So today we were going to spend the morning at Berat Castle, which sits high up on a hillside overlooking the little UNESCO heritage town of the same name as well as the Osumi River. The castle sits on a former Illyrian fortress dating to the 4th century B.C. The present castle was built in the 13th century by the Byzantines and was not only a line of defense, but also included homes, shops and most importantly lots and lots of churches. In fact, at one time, there were 20 churches from the 13th century occupying the site. And when the Ottomans took over, two mosques were added within the castle walls. Today, only 8 churches remain while there are still a number of residents living within the castle walls.
Anyway, Gasie and I drove to just outside the castle walls and then walked up the cobblestone road to the entrance gates. Above one of the gates was the initials MK, which apparently stood for Michael II who refortified the castle in the 13th century.
Once we entered the gates, it was clear this was going to be quite a hike this morning. It appeared that everything was up little cobblestone alleyways that made up the inner sanctum of the fortress. After walking past residents sitting outside little white washed homes for their morning café, we turned up a small alley and made our first stop at the Church of Dormition of St. Mary built in 1797 and the only church that is presently accessible to the public. Now while I was permitted to take a picture of the exterior, which included a lovely fresco over the doorway, pictures inside were strictly prohibited.
And while the old church was lovely with brilliant frescos covering the walls and lots of old icons, the real attraction inside the church was the museum that adjoined the church featuring works of 16th century icon painter Onufri.
After Gasie explained a bit about the history of the church and the significance of some of the icons in the church (icons are paintings found in Orthodox churches that tell a story about some religious event in history), I was free to wander about the little museum. There were icons in the museum from over 100 churches in Albania with some as old as the 14th century, but one icon in particular caught my eye. It was a painting of people being baptized with two minarets in the background. There were so many interpretations I could have made about this, but chose to simply admire and move on.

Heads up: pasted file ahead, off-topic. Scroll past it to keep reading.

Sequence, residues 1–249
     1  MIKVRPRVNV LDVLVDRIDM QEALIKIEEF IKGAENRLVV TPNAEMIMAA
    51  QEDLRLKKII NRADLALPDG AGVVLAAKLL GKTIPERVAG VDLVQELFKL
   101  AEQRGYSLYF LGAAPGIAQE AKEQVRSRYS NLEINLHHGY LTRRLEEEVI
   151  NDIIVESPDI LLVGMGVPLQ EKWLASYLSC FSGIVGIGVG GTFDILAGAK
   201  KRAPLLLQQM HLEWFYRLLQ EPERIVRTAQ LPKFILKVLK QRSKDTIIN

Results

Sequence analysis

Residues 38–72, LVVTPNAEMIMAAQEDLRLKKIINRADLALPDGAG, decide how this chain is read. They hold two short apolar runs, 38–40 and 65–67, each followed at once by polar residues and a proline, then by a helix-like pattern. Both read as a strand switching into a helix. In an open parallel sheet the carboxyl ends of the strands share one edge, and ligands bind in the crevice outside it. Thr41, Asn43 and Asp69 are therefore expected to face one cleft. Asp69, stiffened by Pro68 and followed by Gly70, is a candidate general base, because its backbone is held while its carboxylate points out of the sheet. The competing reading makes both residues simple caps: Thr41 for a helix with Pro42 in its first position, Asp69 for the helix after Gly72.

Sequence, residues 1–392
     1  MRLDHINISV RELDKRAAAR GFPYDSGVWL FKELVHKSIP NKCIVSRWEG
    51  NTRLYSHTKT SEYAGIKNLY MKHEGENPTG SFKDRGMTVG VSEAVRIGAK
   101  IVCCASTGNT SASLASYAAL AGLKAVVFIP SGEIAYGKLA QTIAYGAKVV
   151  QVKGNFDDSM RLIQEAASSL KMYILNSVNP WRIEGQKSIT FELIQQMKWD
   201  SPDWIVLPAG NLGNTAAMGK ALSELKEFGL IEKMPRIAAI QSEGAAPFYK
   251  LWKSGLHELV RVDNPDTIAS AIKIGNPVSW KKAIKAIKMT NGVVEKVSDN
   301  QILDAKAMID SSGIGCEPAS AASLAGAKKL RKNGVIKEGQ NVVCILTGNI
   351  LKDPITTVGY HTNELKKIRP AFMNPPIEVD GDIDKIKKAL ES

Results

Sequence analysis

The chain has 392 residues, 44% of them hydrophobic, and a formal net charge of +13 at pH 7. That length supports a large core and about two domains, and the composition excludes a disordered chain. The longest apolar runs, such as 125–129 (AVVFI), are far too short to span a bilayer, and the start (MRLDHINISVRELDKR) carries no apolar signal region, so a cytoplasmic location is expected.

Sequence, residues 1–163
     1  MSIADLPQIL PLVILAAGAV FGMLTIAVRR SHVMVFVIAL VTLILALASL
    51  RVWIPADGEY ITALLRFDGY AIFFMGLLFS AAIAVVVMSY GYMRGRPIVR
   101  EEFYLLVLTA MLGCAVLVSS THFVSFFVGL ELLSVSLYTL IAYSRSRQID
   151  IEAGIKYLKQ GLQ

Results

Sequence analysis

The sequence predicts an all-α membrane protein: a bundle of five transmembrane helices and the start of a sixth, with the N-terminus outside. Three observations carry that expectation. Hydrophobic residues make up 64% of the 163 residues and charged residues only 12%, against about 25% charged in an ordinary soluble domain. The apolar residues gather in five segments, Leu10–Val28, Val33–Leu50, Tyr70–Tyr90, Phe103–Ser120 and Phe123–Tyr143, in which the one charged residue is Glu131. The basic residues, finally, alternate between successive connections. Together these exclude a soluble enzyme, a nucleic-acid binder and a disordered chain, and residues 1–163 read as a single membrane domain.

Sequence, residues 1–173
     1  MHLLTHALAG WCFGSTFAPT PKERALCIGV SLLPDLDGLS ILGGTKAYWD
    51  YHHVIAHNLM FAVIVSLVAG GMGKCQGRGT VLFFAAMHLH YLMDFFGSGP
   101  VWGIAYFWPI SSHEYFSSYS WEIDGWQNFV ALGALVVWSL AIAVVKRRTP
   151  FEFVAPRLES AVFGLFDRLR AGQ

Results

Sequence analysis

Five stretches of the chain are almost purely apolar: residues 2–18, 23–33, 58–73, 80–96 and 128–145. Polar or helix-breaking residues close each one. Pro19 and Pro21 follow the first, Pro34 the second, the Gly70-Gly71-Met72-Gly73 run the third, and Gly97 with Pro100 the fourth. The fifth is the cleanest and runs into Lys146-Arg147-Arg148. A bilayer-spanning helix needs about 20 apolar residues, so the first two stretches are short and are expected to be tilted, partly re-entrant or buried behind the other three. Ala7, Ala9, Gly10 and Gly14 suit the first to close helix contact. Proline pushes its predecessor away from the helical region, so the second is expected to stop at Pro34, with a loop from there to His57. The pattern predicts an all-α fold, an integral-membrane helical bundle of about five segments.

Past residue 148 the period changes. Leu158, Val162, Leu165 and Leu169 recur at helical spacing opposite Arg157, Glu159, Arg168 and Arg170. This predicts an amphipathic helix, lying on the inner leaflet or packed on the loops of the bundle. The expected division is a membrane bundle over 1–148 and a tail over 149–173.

After the church, we walked down another little alley and down a little hill to a very strange communist statute that was simply a big, giant head. And as if this weren’t enough for one picture, just as I was snapping away, a resident walked up the cobblestones leading a mule. The whole thing was just weird.
Anyway, we wandered down to the bottom of the hill and then took a left towards one of the most iconic churches in Albania: the 13th century Church of St. Trinity. Not only were the views to the little town below spectacular from the church, but the church had been rebuilt to its former glory. Unfortunately, the interior of the church was still in ruins (thanks to the communists) so the church remains closed.
We hiked back up the hill past the gorgeous little church and through a courtyard past the remains of the “White Mosque” and the oldest ruins at the site dating to the Roman period. We then turned to the right and entered the “fortress within a fortress” or what was actually the original ruins of the fortress. Inside we saw the cistern that had provided water to the fortress. And no, there was no underground spring, but rather, the locals collected rain water and stored the water in the well.
We then moved out of the inner fortress and walked past the remains of the Red Mosque. We finally reached the end of the fortress and the magnificent lookout point where we could see across the Osumi River and to the signature white houses with matching square windows and red tiled roofs that made Berat so famous.
After the requisite pictures, we walked down a very narrow stone staircase and turned left to walk back to the entrance of the castle. A few minutes later we were in the car driving down to the hill and to the Hotel Mangalemi, my lovely little 18th century restored building.
At this point, I had the afternoon free so I wandered around the little town and back and forth along a massive pedestrian walkway lined with restaurants. However, it soon became apparent that there wasn’t much else to do in the little one trick town. I decided to just head back to my hotel and enjoy my lovely little deck and a glass of wine in the muted afternoon sunshine. I only had one day left in Albania so I might as well enjoy a little free time.